But the proof for widespread adoption comes out of India and its Aadhaar ID program, which has provided 1.3 billion of its citizens with a unique identifier based on fingerprint and iris scans. That’s helped pave the way for the vast majority of Indians to open bank accounts, even when they may not have a birth certificate or license.

Make no mistake. Biometrics, used as a sole method of authentication, is not to be viewed as a panacea. Hackers have reportedly demonstrated proof of concept examples of how to fool Apple’s facial recognition technology with a mask made on a 3D printer. Most of all, biometrics, by themselves, also breach two cardinal rules of strong authentication. One, they’re not secret. Two, they can’t be changed if compromised.

Finally, biometrics need to be considered against the practicalities of convenience and sheer computing power. For the sake of both, a smartphone holds just enough fingerprint data to assure a fast response and, more importantly, a one-in-10,000 chance of making a mistake, or, as security pros call them, a false-positive or false-negative. Those odds seem long – until you scale them. That means for every 1 billion fingerprints smartphones authenticate, a million could be wrong.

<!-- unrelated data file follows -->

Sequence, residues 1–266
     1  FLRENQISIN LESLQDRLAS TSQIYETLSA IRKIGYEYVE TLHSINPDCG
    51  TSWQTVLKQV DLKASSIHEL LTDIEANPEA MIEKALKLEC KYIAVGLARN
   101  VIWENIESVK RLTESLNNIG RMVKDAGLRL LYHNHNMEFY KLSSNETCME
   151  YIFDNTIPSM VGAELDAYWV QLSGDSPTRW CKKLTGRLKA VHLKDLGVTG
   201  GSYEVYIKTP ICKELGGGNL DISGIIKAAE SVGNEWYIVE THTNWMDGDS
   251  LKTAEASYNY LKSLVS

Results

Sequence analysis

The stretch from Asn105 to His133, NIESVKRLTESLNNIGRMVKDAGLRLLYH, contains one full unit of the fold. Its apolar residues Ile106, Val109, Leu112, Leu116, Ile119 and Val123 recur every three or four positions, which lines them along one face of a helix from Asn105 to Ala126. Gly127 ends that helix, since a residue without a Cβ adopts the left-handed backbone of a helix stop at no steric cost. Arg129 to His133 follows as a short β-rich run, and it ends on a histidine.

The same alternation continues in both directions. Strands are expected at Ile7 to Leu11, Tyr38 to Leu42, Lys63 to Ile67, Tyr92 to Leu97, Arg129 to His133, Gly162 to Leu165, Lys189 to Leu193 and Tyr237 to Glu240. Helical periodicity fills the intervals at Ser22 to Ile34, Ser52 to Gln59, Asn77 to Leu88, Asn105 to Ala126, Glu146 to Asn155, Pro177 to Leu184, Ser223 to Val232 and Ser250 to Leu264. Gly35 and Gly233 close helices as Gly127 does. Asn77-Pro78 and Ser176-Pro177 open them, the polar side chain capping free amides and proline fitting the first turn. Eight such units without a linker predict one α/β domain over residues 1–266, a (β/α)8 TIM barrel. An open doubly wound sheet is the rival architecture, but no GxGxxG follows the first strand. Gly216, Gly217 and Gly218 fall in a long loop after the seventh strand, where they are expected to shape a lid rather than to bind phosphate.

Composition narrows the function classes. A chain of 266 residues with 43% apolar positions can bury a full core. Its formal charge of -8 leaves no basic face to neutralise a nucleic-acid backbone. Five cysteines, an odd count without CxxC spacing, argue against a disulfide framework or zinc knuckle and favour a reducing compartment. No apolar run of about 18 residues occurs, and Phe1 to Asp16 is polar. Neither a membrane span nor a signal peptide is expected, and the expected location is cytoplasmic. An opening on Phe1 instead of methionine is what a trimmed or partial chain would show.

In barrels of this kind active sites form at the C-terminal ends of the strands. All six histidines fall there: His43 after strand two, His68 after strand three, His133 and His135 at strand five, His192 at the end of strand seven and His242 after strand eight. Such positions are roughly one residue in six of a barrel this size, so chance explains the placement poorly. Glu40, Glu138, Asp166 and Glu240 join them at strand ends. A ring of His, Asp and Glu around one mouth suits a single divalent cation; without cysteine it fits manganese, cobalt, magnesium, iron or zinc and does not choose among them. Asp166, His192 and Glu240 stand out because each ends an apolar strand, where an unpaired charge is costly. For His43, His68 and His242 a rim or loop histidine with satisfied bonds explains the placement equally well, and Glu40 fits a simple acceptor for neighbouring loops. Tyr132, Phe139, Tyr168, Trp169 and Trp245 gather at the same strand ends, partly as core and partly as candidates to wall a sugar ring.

Despite any downsides, though, the use of biometrics is inevitable. Teamed with other authentication factors the technology promises a soon-to-arrive future where the time-worn, all-too-porous password-only approach to authentication will become a thing of the past.

“The bad guys have been ahead of passwords since the 1980s,” according to Symantec’s Witten. “You can’t stand still for 30 years without consequence.”

About the Author

Patrick Houston


Patrick Houston has spent more than two decades working as a technology media editor and executive. He was previously the editor-in-chief at and ZDNet News and served as the GM of Yahoo! Tech.